(t) "Fulmen ab ore venit; frondesque adflatibus ardent". Metamorph. c. 8. Fab. 4.

Out of his mouth go burning lamps, and sparks of fire leap out.
19. burning lamps] Or, burning torches.

19–21. These verses refer probably to the animal’s emergence from the water, when the long-repressed hot breath is blown out along with water from his mouth, and shines in the sun like a fiery stream.

Verse 19. - Out of his mouth go burning lamps, and sparks of fire leap out. The description now becomes highly poetical, and it would be a mistake to endeavour to substantiate it. The intention is to represent the impression which the animal would make on an impressible but unscientific observer viewing it in its native haunts for the first time. Splashing, snorting, and throwing up spray all around, it would seem to be breathing out steam and smoke, from which the idea of fire is inseparable (see the next verse). Job 41:1918 His sneezing sendeth forth light,

And his eyes are like the eyelids of the dawn;

19 Out of his mouth proceed flames,

Sparks of fire escape from him;

20 Out of his nostrils goeth forth smoke

Like a seething pot and caldron;

21 His breath kindleth coals,

And flames go forth out of his mouth.

That the crocodile delights to sun itself on the land, and then turns its open jaws to the sunny side, most Nile travellers since Herodotus have had an opportunity of observing;

(Note: Dieterici, Reisebilder, i.:194: "We very often saw the animal lying in the sand, its jaws wide open and turned towards the warm sunbeams, while little birds, like the slender white water-wagtail, march quietly about in the deadly abyss, and pick out worms from the watery jaws." Herodotus, ii. 68, tells exactly the same story; as the special friend of the crocodile among little birds, he mentions τὸν τροχῖλον (the sand-piper, Pluvianus Aegyptius).)

and in connection therewith the reflex action of sneezing may occur, since the light of the sun produces an irritation on the retina, and thence on the vagus; and since the sun shines upon the fine particles of watery slime cast forth in the act of sneezing, a meteoric appearance may be produced. This delicate observation of nature is here compressed into three words; in this concentration of whole, grand thoughts and pictures, we recognise the older poet. עטשׁ is the usual Semitic word for "sneezing" (Synon. זרר 2 Kings 4:35). תּהל shortened from תּהל, Job 31:26, Hiph. of הלל. The comparison of the crocodile's eyes with עפעפּי־שׁחר (as Job 3:9, from עפעף, to move with quick vibrations, to wink, i.e., tremble), or the rendering of the same as εἶδος ἑωσφόρου (lxx), is the more remarkable, as, according to Horus, i. 68, two crocodile's eyes are the hieroglyph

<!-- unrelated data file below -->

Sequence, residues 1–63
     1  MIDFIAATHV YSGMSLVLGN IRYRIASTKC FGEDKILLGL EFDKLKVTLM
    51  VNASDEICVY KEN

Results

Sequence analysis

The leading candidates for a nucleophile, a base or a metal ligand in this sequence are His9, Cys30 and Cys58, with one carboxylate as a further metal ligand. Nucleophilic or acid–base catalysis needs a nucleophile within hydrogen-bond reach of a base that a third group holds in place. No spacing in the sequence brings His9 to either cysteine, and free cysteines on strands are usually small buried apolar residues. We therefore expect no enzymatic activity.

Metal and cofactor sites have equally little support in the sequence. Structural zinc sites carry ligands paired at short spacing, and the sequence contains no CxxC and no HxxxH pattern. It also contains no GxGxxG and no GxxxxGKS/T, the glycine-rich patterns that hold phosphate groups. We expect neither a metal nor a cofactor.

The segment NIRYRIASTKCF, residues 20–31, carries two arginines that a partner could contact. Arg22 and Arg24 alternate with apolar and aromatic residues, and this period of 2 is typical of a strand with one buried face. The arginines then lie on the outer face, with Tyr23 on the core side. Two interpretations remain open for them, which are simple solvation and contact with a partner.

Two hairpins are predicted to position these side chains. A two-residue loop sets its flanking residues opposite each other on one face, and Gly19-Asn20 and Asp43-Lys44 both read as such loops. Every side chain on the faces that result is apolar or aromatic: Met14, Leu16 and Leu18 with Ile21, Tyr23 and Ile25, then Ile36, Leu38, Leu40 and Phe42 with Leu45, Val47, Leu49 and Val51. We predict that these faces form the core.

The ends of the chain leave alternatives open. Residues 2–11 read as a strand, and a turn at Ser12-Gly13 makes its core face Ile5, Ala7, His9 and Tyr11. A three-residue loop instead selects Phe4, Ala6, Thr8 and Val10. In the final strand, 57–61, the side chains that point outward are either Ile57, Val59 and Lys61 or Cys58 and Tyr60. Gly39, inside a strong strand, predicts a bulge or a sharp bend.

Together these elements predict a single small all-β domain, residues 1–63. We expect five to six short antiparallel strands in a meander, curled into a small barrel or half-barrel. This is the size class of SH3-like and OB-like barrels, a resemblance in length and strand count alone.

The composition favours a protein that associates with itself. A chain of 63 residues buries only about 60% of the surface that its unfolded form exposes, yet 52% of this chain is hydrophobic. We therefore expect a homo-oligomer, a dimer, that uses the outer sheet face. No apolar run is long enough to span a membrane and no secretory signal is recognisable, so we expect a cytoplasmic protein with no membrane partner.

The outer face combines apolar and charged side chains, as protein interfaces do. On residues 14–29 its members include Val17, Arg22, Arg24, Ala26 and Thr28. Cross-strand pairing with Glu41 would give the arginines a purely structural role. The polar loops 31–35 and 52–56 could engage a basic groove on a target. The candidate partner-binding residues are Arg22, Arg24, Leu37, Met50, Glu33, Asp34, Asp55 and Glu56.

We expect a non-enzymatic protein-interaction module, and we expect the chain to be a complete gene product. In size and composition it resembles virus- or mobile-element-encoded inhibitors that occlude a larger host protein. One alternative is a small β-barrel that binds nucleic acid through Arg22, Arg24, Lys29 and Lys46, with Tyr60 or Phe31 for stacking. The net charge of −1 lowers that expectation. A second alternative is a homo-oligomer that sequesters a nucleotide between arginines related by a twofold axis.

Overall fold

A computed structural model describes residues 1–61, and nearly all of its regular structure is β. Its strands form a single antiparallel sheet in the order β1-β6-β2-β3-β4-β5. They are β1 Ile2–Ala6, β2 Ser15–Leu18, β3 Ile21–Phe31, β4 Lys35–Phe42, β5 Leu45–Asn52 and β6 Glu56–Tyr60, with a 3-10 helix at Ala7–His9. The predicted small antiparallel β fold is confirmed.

(Note: The eyes of the crocodile alone by themselves are no hieroglyph: how could they have been represented by themselves as crocodile's eyes? But in the Ramesseum and elsewhere the crocodile appears with a head pointing upwards in company with couching lions, and the eyes of the crocodile are rendered specially prominent. Near this group it appears again in a curved position, and quite small, but this time in company with a scorpion which bears a disc of the sun. The former (κροκοδείλου δύο ὀφθαλμοί) seems to me to be a figure of the longest night, the latter (κροκόδειλος κεκυφώς in Horapollo) of the shortest, so that consequently ἀνατολή and δύσις do not refer to the rising and setting of the sun, but to the night as prevailing against or succumbing to the day (communicated by Lauth from his researches on the astronomical monuments). But since the growth of the day begins with the longest night, and vice vers, the notions ἀνατολή and δύσις can, as it seems to me, retain their most natural signification; and the crocodile's eyes are, notwithstanding, a figure of the light shining forth from the darkness, as the crocodile's tail signifies black darkness (and Egypt as the black land).)

for dawn, ἀνατολή: ἐπειδ́περ (probably to be read ἐπειδὴ πρὸ) παντὸς σώματος ζώου οἱ ὀφθαλμοὶ ἐκ τοῦ βυθοῦ ἀναφαίνονται. There it is the peculiar brilliancy of the eyes of certain animals that is intended, which is occasioned either by the iris being furnished with a so-called lustrous substance, or there being in the pupil of the eye (as e.g., in the ostrich) that spot which, shining like metal, is called tapetum lucidum. For ἀναφαίνεσθαι of the eyes ἐκ τοῦ βυθοῦ, is the lustre of the pupil in the depth of the eye. The eyes of the crocodile, which are near together, and slanting, glimmer through the water, when it is only a few feet under water, with a red glow.

Nevertheless the comparison in Job 41:18 might also be intended differently. The inner (third) eyelid